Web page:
1 What is/are the primary reason(s) for you to make work in the first place?
I make work mainly because of a desire to produce work, but my painting also gives me the opportunity to explore the emotions associated with love and death. I consider my work to be a sort of research project as I am engaged in an ongoing investigation into such things as the relationship between abstraction and representation; contemporary and historical; signifier and signified.
2 What do you intend your work to convey to an audience?
I would like my paintings to move people emotionally in the way that some paintings move me and also for them to make people think about their emotional response to experiences such as love and death. I would also like people to enjoy experiencing them visually, just in terms of colour and light etc.
3 Why do you work in your chosen medium and format?
Partly because I like painting materials and enjoy the physical process of mixing colours and substances, and partly because my work is, to some extent, about painting and paint itself. I refer to the history of painting, not just through the imagery that I select but also through the format and painterly techniques that I employ. I also really enjoy the way that painting allows me to create illusions of light.
4 Technically speaking how do you go about constructing your work, that is the image or object itself? What devices do you employ?
I spend a significant amount of time researching art historical and cinematic material, looking for imagery that can be appropriated and recontexualised within my paintings. Elements of existing paintings and film stills are extracted from their original source, given a new meaning in the context of each painting, and then used (often repeatedly) within my work. I work in series and the borrowed imagery becomes a part of a narrative that continues throughout my practice.
I stretch and prime the canvas, and then I use a combination mixing various substances and pouring techniques along with intricately painting small details in oil paint.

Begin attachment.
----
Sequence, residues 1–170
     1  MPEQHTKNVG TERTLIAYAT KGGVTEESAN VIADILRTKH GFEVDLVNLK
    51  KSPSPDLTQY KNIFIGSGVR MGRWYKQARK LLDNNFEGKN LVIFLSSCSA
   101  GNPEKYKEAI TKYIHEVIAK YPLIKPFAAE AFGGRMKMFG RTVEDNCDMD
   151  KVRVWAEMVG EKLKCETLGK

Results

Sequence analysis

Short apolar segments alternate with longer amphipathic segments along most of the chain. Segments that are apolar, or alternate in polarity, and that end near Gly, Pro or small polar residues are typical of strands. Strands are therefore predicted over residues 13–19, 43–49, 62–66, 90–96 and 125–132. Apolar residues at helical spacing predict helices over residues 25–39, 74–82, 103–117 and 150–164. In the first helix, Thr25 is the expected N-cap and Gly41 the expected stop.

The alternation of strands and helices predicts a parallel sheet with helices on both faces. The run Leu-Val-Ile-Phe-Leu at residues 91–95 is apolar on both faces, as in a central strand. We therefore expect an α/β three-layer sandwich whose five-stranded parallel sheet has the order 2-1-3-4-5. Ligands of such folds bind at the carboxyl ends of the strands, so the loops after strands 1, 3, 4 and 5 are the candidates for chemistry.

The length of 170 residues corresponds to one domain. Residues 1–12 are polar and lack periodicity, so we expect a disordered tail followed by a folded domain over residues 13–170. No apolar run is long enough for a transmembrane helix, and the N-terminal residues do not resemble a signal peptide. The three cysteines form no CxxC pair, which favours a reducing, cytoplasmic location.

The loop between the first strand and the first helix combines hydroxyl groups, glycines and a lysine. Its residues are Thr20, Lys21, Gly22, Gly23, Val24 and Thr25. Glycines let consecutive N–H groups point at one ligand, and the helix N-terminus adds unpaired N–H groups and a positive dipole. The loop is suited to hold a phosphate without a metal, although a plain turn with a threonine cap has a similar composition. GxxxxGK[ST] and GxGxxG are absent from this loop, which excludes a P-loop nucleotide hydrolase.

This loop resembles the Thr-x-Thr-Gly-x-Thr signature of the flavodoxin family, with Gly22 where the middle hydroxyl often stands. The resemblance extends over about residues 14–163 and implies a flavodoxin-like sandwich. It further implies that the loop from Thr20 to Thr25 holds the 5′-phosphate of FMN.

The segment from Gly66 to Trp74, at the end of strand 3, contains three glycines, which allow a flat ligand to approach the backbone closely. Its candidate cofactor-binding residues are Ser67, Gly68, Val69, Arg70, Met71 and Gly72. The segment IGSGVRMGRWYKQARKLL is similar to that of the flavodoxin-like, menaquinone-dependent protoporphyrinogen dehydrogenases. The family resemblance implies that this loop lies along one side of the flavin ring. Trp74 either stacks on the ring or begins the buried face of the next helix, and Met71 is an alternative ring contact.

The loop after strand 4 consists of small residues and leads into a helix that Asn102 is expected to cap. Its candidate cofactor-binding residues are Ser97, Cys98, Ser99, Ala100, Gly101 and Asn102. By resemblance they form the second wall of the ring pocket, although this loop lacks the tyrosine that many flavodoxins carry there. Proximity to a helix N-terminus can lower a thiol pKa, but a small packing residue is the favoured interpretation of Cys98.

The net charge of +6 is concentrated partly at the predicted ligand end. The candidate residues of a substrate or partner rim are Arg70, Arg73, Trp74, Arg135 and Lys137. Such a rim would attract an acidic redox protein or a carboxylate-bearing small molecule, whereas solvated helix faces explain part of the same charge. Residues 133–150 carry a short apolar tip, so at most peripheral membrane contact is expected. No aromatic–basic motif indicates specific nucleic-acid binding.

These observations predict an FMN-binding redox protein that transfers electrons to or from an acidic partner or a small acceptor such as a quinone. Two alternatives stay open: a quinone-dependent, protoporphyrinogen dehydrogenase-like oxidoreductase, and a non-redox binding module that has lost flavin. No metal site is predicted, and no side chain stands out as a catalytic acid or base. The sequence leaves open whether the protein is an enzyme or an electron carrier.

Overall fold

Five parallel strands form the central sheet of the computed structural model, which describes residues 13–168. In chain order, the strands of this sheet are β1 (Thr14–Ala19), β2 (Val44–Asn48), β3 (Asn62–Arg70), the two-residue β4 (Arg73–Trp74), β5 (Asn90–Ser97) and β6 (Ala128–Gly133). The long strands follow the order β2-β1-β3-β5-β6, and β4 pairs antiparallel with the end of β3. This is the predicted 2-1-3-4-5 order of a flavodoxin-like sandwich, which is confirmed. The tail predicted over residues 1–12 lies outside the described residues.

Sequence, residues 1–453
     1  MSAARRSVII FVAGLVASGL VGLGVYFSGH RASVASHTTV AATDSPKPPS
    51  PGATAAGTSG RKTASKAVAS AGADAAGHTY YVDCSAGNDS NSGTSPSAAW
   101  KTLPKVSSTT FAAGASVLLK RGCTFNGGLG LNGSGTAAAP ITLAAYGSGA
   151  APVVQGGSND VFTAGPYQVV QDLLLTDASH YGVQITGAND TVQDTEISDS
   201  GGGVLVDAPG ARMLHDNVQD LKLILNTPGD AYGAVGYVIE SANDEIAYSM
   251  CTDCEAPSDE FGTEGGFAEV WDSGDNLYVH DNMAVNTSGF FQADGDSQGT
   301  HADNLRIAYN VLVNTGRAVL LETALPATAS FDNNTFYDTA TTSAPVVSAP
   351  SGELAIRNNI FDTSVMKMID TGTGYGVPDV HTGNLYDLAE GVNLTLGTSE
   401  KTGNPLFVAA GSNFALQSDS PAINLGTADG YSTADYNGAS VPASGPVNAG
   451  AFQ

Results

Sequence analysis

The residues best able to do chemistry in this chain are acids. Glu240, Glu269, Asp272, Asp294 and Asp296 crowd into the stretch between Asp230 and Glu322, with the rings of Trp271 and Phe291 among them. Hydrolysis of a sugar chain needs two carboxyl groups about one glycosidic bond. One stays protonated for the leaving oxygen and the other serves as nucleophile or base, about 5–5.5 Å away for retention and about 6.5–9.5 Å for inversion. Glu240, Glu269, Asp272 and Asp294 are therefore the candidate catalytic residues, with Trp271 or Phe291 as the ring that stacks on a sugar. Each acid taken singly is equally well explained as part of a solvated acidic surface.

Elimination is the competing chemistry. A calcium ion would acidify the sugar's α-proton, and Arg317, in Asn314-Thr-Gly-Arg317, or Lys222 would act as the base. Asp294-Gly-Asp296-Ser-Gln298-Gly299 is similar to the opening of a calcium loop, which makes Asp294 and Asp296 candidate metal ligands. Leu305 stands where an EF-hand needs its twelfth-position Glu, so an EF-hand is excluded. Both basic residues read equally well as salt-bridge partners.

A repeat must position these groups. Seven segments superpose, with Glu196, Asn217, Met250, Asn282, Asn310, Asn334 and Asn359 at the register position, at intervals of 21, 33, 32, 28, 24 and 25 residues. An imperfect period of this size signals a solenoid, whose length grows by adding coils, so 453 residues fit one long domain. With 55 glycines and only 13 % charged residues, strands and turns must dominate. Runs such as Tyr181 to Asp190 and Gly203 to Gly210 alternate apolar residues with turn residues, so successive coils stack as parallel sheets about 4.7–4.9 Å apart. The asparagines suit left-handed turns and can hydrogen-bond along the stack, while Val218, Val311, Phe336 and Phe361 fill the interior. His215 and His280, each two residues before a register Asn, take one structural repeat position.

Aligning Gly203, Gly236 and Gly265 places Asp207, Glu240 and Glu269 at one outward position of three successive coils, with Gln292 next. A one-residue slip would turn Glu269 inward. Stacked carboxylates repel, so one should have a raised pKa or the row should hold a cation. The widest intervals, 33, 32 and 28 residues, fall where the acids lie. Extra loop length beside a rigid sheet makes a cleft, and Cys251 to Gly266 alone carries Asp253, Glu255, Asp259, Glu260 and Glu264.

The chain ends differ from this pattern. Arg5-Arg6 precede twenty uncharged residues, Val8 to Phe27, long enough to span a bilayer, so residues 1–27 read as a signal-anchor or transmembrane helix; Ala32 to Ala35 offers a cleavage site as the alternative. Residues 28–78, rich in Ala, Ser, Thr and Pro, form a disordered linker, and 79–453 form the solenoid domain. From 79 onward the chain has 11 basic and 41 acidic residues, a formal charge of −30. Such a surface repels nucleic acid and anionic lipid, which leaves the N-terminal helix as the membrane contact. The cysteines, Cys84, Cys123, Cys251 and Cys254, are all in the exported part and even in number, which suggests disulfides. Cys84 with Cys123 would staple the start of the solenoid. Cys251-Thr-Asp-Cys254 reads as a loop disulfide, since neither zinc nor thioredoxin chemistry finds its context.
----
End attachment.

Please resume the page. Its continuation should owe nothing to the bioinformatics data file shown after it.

5 Which period(s)/artists/specific works of art are you influenced by and how directly? How does this manifest in your work?
I have a particular fascination with seventeenth century still life painting. For several years I have made very direct references to paintings by Dutch and Flemmish painters such as Willem van Aelst, Abraham Mignon, Jan Davidsz de Heem, Rachel Ruysch and Johannes Bosschaert for example. Other significant art historical references include, Vernet, Chardin, Rembrandt, Carravagio and Courbet.
I am almost equally influenced by 20th century abstractionists such as Morris Louis, Willem De Kooning, Mark Rothko, Barnett Newman and Robert Ryman. but then Edward Hopper has also had a significant impact.
Other strong influences include: Ross Bleckner, Jonathan Lasker, Sigmar Polke, Felix Gonzalez Torres, to name but a few!
6 What stimulates/informs your work from the world around you?
Individual expressions of kindness, humility and passion contrasting with the brutality and violence that one experiences and/or observes both locally and globally.
7 What stimulates/informs your work from your own personal experience?
Again… it’s individual expressions of kindness, humility and passion contrasting with brutality and violence.
8 From where do you derive your other visual source material (i.e. non art historical) and how do you implement this material within your work?
I am interested in cinema and sometimes I use film stills as source material for my work. This allows me to reflect on cinematic notions such as illusion and light, sequence and suspense and displaced and disjointed narrative.
9 What are the main problems that you face in making your work?
The main problems I face are almost always to do with auxiliary pressures such as time and money.
10 Where do you intend to take your work from here?
I think the work is likely to evolve quiet naturally as new imagery is introduced. The paintings will probably become more dramatic as more complex narratives are explored.